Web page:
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    Ukraine Calls Boycotts of Euro Football Tournament 'Cold War Tactic'

    Former Ukrainian Prime Minister Yulia Tymoshenko shows what she says is an injury in the Kachanivska prison in Kharkiv, Ukraine, in this undated handout picture received April 27, 2012.
    Former Ukrainian Prime Minister Yulia Tymoshenko shows what she says is an injury in the Kachanivska prison in Kharkiv, Ukraine, in this undated handout picture received April 27, 2012.

    Ukraine has characterized as "Cold War tactics" a move by top European Union officials to boycott events in Ukraine in protest of the imprisonment and treatment of former prime minister Yulia Tymoshenko.

    Ukrainian Foreign Ministry spokesman Oleh Voloshin says he hopes reports that German Chancellor Angela Merkel will skip the Euro 2012 football (soccer) matches hosted by Ukraine were no more than press speculation. He urged Germany not to revert to Cold War methods of holding sports hostage to politics. Voloshin also called news of a possible boycott "artificial manipulation."

    EU Commission President Jose Manuel Barroso says he will follow the example of EU Justice Commissioner Viviane Reding, who said she will skip the ceremonial kick-offs.

    Ukraine and Poland are co-hosting Europe's most important football championship for national teams, from June 8 until July 1.

    Also Monday, Czech President Vaclav Klaus canceled his visit to the summit of Central European heads of state scheduled for May 11 and 12 in Yalta. He is the second president to refuse to go to Ukraine for the summit, after German President Joachim Gauck.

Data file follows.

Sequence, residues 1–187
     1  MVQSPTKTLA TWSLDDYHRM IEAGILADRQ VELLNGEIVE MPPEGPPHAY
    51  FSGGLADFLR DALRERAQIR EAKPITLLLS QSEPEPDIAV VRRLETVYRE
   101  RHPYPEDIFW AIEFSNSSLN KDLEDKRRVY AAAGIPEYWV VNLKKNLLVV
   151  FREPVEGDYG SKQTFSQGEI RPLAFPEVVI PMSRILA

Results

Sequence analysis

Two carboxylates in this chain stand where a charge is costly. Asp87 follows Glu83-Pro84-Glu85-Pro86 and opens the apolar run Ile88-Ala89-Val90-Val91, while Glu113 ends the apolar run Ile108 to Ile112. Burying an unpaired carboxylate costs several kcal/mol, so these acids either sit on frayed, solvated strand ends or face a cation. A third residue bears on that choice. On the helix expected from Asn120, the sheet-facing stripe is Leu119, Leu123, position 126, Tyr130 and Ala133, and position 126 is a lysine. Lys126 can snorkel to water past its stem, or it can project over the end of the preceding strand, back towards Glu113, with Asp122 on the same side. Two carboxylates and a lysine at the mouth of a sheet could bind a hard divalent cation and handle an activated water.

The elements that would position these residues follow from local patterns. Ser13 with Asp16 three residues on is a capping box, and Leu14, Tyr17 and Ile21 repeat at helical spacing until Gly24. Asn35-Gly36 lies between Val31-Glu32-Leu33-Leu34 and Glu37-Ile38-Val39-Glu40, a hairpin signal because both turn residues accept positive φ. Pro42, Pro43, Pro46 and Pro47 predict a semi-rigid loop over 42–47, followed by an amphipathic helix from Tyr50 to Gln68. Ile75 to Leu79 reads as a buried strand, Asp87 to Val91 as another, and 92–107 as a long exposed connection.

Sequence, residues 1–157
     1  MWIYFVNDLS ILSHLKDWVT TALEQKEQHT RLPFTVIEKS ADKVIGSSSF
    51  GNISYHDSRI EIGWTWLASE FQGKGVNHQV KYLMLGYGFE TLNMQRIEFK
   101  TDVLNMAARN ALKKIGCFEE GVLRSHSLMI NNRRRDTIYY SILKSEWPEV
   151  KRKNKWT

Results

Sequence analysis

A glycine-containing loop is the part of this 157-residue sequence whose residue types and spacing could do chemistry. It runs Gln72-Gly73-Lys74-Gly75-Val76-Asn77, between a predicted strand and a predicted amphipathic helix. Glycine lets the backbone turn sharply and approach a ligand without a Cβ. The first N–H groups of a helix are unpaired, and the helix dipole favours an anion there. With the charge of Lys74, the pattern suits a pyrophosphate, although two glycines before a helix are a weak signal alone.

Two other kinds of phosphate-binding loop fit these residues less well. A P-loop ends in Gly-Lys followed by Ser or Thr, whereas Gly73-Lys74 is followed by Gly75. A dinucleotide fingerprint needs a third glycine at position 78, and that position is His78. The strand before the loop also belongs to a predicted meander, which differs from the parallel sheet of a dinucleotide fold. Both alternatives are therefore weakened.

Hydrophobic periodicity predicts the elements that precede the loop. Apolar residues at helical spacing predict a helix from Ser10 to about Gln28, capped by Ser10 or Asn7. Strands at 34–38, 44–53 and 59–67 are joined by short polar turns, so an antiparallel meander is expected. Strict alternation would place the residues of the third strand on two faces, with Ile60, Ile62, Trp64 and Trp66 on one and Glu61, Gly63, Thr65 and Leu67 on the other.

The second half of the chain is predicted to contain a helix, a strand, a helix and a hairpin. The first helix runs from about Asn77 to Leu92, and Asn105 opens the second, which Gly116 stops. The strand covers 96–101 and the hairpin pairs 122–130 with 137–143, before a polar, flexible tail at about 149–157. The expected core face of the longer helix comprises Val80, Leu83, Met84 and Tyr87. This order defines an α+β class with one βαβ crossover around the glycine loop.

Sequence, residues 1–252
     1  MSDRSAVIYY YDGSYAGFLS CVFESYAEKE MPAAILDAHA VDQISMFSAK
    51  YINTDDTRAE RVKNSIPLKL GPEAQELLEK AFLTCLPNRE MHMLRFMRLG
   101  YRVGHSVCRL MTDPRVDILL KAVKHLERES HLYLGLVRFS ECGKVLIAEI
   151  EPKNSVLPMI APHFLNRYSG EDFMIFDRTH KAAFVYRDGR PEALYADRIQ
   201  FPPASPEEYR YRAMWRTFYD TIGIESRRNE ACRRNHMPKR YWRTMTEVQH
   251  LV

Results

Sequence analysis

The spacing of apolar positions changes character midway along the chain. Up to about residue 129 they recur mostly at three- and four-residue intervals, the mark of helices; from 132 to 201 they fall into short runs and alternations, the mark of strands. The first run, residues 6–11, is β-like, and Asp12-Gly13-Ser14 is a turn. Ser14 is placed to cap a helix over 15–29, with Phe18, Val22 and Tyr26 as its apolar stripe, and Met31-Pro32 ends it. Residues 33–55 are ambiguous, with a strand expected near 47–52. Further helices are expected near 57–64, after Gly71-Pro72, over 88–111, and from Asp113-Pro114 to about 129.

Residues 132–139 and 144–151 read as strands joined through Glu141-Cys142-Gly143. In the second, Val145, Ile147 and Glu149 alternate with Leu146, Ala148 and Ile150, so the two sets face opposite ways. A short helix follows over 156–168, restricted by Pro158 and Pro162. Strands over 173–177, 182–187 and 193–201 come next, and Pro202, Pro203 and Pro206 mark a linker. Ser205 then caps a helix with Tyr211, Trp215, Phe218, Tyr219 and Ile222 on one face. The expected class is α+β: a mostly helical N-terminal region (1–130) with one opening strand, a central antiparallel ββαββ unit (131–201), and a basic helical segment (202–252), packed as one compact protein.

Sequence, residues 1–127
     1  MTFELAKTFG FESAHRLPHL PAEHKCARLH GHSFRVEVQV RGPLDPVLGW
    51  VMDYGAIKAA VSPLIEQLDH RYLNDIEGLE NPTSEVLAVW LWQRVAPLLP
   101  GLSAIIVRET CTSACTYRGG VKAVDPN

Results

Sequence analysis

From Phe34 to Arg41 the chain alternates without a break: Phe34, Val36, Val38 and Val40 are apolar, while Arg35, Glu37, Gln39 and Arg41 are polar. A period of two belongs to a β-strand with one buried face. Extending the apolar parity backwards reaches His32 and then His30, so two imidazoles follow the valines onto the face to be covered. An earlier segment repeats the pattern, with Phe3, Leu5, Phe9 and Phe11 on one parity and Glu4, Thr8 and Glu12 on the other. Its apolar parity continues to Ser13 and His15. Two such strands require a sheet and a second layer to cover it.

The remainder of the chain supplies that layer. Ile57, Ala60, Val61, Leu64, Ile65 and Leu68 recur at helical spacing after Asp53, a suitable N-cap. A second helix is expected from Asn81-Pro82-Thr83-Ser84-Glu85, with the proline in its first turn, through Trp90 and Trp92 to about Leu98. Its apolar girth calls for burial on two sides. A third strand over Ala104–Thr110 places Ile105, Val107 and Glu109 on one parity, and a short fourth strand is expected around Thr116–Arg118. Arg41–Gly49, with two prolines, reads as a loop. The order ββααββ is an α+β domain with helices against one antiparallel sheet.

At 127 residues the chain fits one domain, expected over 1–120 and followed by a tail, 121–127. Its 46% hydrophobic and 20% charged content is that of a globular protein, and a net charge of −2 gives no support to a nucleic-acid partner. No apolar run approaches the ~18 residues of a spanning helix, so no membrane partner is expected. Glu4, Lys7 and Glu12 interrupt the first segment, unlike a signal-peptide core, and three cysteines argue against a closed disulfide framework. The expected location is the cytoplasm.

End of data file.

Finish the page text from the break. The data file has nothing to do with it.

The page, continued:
Yulia Tymoshenko was sentenced to seven years in prison last year on charges of abuse of office in a 2009 gas deal with Russia. She is now standing trial on tax evasion charges that could extend her prison time to 12 years. Tymoshenko denies the charges and says they are part of a campaign by President Viktor Yanukovich to remove his strongest political rival.

    She has been on a hunger strike for more than a week, after she said she was beaten by prison guards. German doctors diagnosed Tymoshenko last week with back problems that they say cannot be treated in Ukraine, but the Kyiv government has refused appeals to allow her to leave.

    Tymoshenko's daughter, Yulia, told reporters in Prague Monday that her mother's health is deteriorating and called for European governments to keep up the pressure. She said she hopes the Ukraine government will take action so her mother will stop her hunger strike. The government has threatened to force-feed Tymoshenko if necessary.  

    Some information for this report was provided by AFP and Reuters.

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